British Citizenship Deprivation Appeals

Even after an individual has obtained British citizenship, it is still possible for it to be revoked by the Secretary of State. The Secretary of State has the discretionary power to withdraw an individuals’ citizenship status by way of a British Citizenship Deprivation Order. A Home Office Freedom of Information response in June 2016 highlighted that there had been 81 Deprivation Orders made between 2006 and 2015 in the UK. Appeals against Deprivation Orders are to be made to the First Tier Tribunal and the recent decision in Pirzada (Deprivation of citizenship: general principles) [2017] UKUT 196 (IAC) could be seen to challenge the scope of British citizenship deprivation appeals.

The Secretary of State’s Powers of British Citizenship Deprivation

The Secretary of State has two separate powers of British citizenship deprivation, which are exercisable on different grounds as set out under section 40, subsection 2 and subsection 3 of the British Nationality Act 1981 (“the 1981 Act”). S 40, ss 2 of the 1981 Act states that the Secretary of State may deprive a person of citizenship status if the Secretary of State is satisfied that the British citizenship deprivation is conducive to the public good.

S 40, ss 3 of the 1981 Act states that the Secretary of State may deprive a person of citizenship status which results from his registration or naturalisation if the Secretary of State is satisfied that the registration or naturalisation was obtained by means of fraud, false representation or concealment of a material fact. It is important to understand that only one ground may be used per Deprivation Order.

Background and the Decision in the Pirzada Case

The Applicant was an Afghan national who claimed asylum in the UK in 2001 and although it was refused on the basis that the Secretary of State was not convinced as to the truthfulness of his immigration history, he was granted leave to remain until 2006. After being granted indefinite leave to remain in 2006, the Applicant naturalised in 2008 and has since been a British citizen.

Criminal charges were brought against the Applicant in 2011, which included obtaining employment in various medical professions by fraud and was sentenced to 17 months in prison. The Secretary of State decided to deprive the Applicant of his British citizenship on 3 April 2014, to which the Applicant appealed this decision to the First Tier Tribunal.

The British citizenship deprivation appeal was allowed on the basis that the Secretary of State had decided to exercise power under s 40, ss 3 of the 1981 Act, but had relied on circumstances which had occurred after the Applicant had been granted citizenship. The Secretary of State could not clearly justify the Deprivation Order on the grounds that it would be conducive to the public good, under s 40 ss 2, and as a result the appeal was allowed. The Upper Tribunal confirmed the powers laid out in ss 2 and ss 3 of the 1981 Act are separate and that the Secretary of State must make it clear as to which is being used.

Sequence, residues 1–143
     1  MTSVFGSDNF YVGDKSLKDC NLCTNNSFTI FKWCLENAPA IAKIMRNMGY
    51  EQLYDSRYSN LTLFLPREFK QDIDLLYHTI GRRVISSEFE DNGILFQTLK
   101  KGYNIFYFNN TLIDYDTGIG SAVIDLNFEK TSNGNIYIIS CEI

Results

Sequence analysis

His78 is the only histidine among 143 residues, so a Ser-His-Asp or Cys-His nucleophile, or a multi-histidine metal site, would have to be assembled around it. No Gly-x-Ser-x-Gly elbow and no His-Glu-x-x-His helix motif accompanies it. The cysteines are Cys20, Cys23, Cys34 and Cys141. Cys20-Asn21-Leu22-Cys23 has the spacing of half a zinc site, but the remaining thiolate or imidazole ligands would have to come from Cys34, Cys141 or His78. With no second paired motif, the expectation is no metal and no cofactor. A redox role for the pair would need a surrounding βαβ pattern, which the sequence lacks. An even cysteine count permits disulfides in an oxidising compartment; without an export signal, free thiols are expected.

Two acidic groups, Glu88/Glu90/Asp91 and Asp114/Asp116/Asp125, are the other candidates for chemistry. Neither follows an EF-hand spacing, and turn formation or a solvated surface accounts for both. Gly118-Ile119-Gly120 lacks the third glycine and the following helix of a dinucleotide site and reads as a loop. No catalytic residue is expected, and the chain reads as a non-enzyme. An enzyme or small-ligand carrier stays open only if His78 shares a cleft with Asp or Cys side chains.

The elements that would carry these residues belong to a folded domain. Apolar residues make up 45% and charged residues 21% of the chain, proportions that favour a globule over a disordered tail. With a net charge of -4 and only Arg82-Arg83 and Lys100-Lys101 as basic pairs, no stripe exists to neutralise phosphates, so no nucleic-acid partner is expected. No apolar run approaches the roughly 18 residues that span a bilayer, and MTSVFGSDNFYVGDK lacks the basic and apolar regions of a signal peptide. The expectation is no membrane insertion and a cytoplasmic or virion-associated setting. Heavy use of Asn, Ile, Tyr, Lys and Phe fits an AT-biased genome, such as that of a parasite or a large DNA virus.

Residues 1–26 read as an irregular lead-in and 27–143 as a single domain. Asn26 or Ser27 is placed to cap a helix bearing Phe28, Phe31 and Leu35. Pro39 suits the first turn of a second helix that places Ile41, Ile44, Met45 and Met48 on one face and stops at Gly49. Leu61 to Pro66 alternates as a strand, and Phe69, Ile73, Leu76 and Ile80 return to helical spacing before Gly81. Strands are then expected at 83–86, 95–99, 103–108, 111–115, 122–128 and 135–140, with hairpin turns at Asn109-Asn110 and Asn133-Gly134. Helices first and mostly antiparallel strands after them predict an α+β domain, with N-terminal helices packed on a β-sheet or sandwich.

What the Pirzada Case Means for Future British Citizenship Deprivation Appeals

The decision of the British citizenship deprivation appeal in the Pirzada case emphasises that the Secretary of State may only use one ground in order to deprive an individual of their British citizenship. This demonstrates to those who wish to appeal a British Citizenship Deprivation Order made against them that there is scope for British citizenship deprivation appeals to be successful on this basis. It is important to obtain legal representation, such as our team of specialist immigration solicitors in order to make a successful deprivation appeal.

Using Legal Representation to Make a British Citizenship Deprivation Appeal

Legal representatives, such as our specialist immigration and visa law firm, are qualified to advise you on immigration law and your immigration status. It is possible to instruct an immigration and visa legal representative to make a British citizenship deprivation appeal.

Caseworkers at the Home Office are trained to reject applications which are improperly prepared, for example by failing to provide the correct supporting evidence. In order to ensure your application succeeds, all necessary documents must be provided. This can be a significant administrative task and you will need to submit the correct documentary evidence. The UK Immigration Rules are complex and a legal representative can help ensure that your application meets the Immigration Rules.

Successful British Citizenship Deprivation Appeals

Our team of solicitors and barristers are specialist immigration lawyers who act in your best interest. We offer a client-tailored approach from the outset. From the very first meeting, we will be able to advise you in respect of your immigration status and the merit of your visa and immigration application before your matter even reaches the Home Office UK Visa & Immigration department. We can assist you with the preparation of your immigration and visa application and ensure that you meet all the requirements of the relevant rules.

We are based in the legal epicentre of London, just across the road from the Royal Courts of Justice in order to ensure we get the best results for our clients.  Our offices are minutes away from the Immigration and Asylum Tribunal, the Royal Courts of Justice and other central London courts.

Preparation is the key to successful immigration applications. Our UK immigration and visa solicitors are here to guide you through the complex immigration rules and requirements. If you wish to meet one of our lawyers, please call our Immigration Team so we can assess your case and arrange your legal consultation.

Contact our London immigration solicitors on 02071830570 or complete our contact form.

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